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Baker's Dozen

Central To Process: Justin Broadrick's Favourite Albums
Kate Hennessy , October 16th, 2014 15:08

In a piece originally commissioned by The Bug's Kevin Martin, Justin Broadrick follows the release of Godflesh's new album A World Lit Only By Fire by taking a new spin on the Baker's Dozen format and talking Kate Hennessy through his current listening favourites


Hands - The Soul Is Quick
You can essentially group it with the other ambient stuff. The drones are central but there is the odd field recording with voices going on, and right at the back of it is a beat, which adds to the really weird disorientating aspect. It's a guy called The Field, on a label called Ecstatic, distributed by Kompakt, who deal in glitch sort of techno, very repetitive techno, with an odd emotional quality. If you imagine things like Stars Of The Lid, Basinski and artists like that, with a 4/4 beat with a bit of bass or glitch, but the same process: repetition, drones, quite archaic and timeless but with beats underneath it.

I'm obsessed with The Field and was led to Hands by him. This is quite different to his usual stuff but has that same emotional quality. I love of a lot of stuff in that area of techno - I read this term "heroin house", which is quite evocative of this timelessness, this druggy drawn-out slow motion house music that is worn at the edges, a sort of hazy, non-descript, illiterate version of house music. I found it with these artists from the early 90s in Germany called Basic Channel. They created a whole genre called dub techno, taking the testosterone out of techno and replacing with the beauty and slow motion of reggae, and it's an area I've been fascinated with for 20 years. A lot of music is derived from that now, like The Field and Hands too.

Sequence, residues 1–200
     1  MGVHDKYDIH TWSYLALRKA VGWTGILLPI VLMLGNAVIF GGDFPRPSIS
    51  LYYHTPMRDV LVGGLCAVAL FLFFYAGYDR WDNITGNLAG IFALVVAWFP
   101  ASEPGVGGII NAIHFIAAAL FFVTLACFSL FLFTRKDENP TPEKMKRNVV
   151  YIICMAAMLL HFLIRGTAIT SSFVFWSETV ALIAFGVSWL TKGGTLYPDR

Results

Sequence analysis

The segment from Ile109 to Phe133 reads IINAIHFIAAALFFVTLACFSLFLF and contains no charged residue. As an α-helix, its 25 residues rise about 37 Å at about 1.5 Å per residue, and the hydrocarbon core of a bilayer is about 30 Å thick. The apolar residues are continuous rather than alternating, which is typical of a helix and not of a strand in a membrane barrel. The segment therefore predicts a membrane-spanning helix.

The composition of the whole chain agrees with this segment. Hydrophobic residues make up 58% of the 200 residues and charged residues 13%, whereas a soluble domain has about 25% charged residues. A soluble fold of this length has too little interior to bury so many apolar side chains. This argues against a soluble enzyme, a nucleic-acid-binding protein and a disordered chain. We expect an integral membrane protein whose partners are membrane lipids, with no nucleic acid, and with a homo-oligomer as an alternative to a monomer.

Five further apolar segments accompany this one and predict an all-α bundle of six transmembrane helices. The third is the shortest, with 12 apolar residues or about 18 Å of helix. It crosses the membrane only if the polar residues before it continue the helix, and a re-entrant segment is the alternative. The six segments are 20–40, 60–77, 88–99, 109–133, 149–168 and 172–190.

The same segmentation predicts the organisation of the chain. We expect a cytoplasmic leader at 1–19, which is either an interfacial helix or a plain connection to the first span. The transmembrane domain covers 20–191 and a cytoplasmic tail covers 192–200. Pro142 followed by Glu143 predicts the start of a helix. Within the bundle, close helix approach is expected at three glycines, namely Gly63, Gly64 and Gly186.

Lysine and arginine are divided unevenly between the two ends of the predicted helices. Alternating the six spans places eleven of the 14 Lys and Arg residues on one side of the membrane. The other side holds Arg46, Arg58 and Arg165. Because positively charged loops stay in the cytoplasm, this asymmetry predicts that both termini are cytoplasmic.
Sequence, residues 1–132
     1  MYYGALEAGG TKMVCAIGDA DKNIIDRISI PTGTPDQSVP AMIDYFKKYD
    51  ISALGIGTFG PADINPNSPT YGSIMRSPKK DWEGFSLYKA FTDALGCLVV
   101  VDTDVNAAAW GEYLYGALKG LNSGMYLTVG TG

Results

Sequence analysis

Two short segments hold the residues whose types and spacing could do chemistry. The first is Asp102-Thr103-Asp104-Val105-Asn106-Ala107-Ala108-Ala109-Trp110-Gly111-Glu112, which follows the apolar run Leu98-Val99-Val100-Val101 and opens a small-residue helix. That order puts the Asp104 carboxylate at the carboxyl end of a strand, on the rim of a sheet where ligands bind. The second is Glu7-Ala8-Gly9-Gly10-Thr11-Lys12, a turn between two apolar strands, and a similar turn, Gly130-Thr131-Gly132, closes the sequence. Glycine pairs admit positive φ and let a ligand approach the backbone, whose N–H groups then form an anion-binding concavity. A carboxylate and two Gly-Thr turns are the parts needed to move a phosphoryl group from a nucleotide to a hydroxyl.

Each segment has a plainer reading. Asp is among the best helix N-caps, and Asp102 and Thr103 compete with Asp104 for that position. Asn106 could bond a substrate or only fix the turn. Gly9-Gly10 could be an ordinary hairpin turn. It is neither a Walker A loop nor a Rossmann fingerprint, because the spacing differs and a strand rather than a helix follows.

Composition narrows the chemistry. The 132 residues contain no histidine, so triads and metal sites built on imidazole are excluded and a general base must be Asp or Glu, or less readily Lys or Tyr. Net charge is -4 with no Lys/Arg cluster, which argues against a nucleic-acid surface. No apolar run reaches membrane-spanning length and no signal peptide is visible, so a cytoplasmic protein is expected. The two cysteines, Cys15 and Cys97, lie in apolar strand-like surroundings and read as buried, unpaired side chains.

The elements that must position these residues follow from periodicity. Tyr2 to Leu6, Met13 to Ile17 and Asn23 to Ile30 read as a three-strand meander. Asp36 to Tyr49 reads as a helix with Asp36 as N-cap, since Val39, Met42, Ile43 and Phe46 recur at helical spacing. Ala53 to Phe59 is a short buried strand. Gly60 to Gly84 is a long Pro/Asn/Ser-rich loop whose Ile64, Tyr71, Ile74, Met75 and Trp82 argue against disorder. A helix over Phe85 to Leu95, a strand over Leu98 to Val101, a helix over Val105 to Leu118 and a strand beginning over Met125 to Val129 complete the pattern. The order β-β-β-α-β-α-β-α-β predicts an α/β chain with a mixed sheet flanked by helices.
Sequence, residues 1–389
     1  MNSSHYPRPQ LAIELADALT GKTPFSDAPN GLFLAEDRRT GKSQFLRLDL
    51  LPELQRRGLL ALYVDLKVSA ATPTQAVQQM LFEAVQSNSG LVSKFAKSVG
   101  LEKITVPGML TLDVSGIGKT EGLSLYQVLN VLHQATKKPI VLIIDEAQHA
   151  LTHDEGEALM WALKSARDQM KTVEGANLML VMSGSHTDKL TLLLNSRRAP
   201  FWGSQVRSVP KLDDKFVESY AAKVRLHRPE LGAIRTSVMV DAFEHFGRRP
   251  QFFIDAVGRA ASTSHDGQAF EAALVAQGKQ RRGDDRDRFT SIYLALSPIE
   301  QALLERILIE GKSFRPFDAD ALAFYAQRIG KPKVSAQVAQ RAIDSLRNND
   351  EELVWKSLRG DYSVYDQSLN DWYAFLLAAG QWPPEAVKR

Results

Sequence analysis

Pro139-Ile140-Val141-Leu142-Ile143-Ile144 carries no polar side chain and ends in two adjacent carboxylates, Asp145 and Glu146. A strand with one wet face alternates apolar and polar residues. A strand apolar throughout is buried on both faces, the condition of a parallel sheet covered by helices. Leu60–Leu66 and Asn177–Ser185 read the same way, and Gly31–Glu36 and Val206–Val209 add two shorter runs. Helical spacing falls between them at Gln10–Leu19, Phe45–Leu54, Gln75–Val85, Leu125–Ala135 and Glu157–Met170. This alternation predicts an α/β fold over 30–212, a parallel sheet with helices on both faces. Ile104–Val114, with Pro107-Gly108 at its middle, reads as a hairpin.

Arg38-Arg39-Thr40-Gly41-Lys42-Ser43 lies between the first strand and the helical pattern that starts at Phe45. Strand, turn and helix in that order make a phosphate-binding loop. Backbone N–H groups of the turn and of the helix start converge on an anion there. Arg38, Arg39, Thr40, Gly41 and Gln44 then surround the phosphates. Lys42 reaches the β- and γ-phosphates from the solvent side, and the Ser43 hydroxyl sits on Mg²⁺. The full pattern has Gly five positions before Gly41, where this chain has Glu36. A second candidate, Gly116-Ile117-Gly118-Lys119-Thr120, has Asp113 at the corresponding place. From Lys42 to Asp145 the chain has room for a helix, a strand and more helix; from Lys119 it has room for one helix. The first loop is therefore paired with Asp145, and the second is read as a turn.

It ties in with a sense of nostalgia, and reminiscing. The Field's other music does address the dancefloor, but this record sounds like a post-rave thing. I was going to raves myself and doing too much E in the early 90s, I did nothing but E four or five times a week for two years and I loved every minute of it, but it fucking burnt me out. I did it pretty much nonstop from about '92 to '94, clubbing and raving, but I didn't do it again after that. I loved the comedown, just sitting in a room and smoking way too much pot and listening to ambient music and Krautrock, but back then there was very little that addressed that post-rave thing and if there was, it'd be very fluffy and polite and conservative, all these things that didn't "have it", apart from early Aphex Twin, which was the only contemporary thing that addressed that post-rave buzz in a satisfactorily druggy way. Eventually all this music arrived, like Hands, sort of post post-rave: melancholy and nostalgic and addressing an age that's gone and the innocence of rave culture. I remember having one too many Es and going into the club toilet to smoke spliffs and you would hear some fucked-up conversation going on over there, and some muffled beats from the club, and in your own head some drone you latched onto.